Remarks from traditional welcome ceremony following mass at Mt St Mary’s Parish
Thank you very much. Thank you, Jim, for that very warm welcome. Thank you to Father Rayalu for celebrating mass today, a beautiful service. And can I say thank you for the very warm welcome and welcoming me as a member of the Government but also as a parishioner. I bring my greetings from my home parish in the south of Canberra. I say a big g’day and bula, and it’s wonderful to be with you today.
This morning, I woke very early to watch my beloved Wallabies lose again to England for, I think, the eighth time in a row and I was reflecting on some of what connects Australia and Fiji. Of course, when we come together for church services, it is one of the things that connects us and rugby – I think, Fiji are playing Wales is it tonight? Tomorrow morning. So, I hope Fiji have more success than Australia, than our Wallabies. They talk about – sometimes people refer to rugby like a religion, and I know that’s a bit sacrilegious with the priest here, but, you know, they say also that rugby is the game that’s played in heaven. I believe that to be true and of course we heard at mass today that indeed first before you can play rugby in heaven, you need to get there, and there’s all sorts of things you need to do.
And of course, the greatest message I think we take away from the gospels is to love our neighbours, and we hope as Australians that in these difficult times as we’ve been coming together, as Fiji and people around the world have been dealing with COVID, we hope that that love we have for each other has been evident as we’ve been journeying together and dealing with these challenges, dealing with vaccinations, the border closures, all the economic disruption.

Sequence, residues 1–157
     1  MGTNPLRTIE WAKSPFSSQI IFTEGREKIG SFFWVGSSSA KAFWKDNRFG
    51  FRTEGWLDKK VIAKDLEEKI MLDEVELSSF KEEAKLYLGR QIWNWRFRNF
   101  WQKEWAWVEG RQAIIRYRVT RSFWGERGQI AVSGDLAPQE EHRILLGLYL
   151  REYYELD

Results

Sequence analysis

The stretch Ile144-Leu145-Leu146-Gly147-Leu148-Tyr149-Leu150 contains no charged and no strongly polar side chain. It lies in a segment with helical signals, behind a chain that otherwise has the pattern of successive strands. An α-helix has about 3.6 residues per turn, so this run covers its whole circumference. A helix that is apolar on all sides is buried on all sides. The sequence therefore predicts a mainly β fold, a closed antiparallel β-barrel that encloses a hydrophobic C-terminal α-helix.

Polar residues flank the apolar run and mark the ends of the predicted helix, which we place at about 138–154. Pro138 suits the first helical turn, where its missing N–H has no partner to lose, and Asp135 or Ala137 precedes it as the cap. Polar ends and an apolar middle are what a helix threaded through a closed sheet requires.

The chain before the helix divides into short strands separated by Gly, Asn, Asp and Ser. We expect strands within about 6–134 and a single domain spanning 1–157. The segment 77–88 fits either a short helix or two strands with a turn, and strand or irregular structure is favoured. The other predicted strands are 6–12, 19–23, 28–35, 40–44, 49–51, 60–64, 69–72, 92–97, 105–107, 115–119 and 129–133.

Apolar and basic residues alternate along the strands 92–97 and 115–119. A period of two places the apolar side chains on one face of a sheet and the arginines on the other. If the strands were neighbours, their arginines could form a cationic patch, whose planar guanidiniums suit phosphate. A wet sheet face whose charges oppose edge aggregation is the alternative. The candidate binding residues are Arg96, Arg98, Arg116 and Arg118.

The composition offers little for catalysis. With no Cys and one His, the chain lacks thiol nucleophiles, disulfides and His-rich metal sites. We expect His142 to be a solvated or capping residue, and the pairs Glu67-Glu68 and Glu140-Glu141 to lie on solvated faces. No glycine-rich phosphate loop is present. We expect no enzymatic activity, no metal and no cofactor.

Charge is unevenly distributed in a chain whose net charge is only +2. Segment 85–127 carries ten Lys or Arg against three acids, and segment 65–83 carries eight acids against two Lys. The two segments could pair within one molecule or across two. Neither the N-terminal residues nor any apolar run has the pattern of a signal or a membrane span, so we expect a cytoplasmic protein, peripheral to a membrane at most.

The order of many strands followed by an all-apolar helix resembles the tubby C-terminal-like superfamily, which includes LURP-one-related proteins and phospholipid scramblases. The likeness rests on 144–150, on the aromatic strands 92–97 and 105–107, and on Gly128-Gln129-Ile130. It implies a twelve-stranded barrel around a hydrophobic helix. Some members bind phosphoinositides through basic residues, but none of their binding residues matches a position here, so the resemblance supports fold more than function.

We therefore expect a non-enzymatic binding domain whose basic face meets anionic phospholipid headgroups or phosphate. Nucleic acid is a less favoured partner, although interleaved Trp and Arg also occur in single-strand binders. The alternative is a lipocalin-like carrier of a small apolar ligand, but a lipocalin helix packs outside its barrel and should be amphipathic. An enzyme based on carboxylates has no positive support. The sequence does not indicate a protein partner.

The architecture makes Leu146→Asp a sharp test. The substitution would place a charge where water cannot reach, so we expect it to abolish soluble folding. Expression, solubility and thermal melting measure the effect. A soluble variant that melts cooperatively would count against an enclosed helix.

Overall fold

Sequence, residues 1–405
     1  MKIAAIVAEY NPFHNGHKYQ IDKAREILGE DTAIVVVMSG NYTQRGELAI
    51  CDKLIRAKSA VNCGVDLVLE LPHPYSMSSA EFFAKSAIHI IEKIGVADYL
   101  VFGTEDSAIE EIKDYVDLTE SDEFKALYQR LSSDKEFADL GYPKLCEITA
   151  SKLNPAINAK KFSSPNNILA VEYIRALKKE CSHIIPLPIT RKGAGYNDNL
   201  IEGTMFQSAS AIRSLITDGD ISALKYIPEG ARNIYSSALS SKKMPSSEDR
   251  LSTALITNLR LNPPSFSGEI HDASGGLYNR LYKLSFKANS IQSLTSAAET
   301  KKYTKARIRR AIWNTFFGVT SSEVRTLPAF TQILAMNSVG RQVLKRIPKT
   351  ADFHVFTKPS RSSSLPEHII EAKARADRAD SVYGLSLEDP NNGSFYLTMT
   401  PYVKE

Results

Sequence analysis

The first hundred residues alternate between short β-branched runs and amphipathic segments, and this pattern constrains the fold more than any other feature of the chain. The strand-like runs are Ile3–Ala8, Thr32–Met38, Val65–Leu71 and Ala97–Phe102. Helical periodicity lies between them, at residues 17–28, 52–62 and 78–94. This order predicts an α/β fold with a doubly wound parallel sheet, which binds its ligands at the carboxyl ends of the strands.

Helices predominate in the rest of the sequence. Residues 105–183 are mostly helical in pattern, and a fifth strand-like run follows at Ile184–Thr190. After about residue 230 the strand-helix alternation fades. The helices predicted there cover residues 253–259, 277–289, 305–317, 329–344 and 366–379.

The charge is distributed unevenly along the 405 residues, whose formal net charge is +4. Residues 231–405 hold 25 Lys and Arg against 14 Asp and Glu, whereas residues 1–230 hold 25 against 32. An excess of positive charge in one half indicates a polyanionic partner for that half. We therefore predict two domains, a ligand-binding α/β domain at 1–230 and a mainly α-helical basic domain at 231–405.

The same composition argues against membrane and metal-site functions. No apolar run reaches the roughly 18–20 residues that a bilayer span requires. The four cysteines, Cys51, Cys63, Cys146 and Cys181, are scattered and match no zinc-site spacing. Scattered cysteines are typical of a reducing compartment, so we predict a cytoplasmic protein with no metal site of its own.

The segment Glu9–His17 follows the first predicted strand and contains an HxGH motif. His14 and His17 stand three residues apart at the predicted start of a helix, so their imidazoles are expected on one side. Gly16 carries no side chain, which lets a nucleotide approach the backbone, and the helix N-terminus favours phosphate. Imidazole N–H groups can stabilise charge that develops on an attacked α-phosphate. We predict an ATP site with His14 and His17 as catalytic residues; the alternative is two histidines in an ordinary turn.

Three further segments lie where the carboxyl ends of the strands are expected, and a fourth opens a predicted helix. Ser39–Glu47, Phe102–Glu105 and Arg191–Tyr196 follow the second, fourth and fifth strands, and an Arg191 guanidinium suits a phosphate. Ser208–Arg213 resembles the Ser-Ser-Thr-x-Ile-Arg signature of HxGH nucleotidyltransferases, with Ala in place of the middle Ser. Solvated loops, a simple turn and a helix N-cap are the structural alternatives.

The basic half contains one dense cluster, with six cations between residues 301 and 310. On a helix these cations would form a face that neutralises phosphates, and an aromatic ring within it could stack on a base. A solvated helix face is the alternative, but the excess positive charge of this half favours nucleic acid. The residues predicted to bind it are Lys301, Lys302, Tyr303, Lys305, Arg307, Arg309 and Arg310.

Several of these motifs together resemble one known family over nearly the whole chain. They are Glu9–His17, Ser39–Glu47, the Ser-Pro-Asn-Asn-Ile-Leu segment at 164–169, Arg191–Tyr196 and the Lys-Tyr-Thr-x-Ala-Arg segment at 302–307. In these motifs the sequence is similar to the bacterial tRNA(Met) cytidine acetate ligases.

There have been great challenges and the people of Fiji have been in our hearts. And our Prime Minister has many times has talked about our Fijian vuvale and remembering that we are on this earth together and we look to share the good times and the bad. There has been some bad times recently, but we have great hope for the times ahead. And I want to commend the people of Fiji for the way you have come through these great challenges, the very high vaccination rates, which I know is giving great protection.
There are a lot of common elements we have together as nations and as family in the way we describe it and it’s a great honour to be here with you for the start of the trip for the next few days. I want to thank you for the official kava ceremony. I had the opportunity in Canberra with some of our Pacific Islander community to have kava and we are changing some of the rules on kava so people can bring more kava into Australia from Fiji and other parts of the Pacific, and indeed we’re going to be having a commercial trial starting in December. So, there’s going to be more kava in Australia as well, and I know that’s going to bring smiles to the faces of many of our Pacific community in Australia.
It is a great honour to be with you. I’m really looking forward to the next few days. It is my second visit to Fiji but my first in an official capacity, and I have great memories of coming here with my wife a few years ago. She’s very jealous that I’m here at the moment and she is not. But she sends her best wishes because the week we had together was one of the happiest weeks of our life and I look forward to meeting more of you and getting to know so many wonderful people over these next few days. So, thank you very much. It is a great honour to be with you and thank you again for the great honour you’ve bestowed upon me with the ceremony.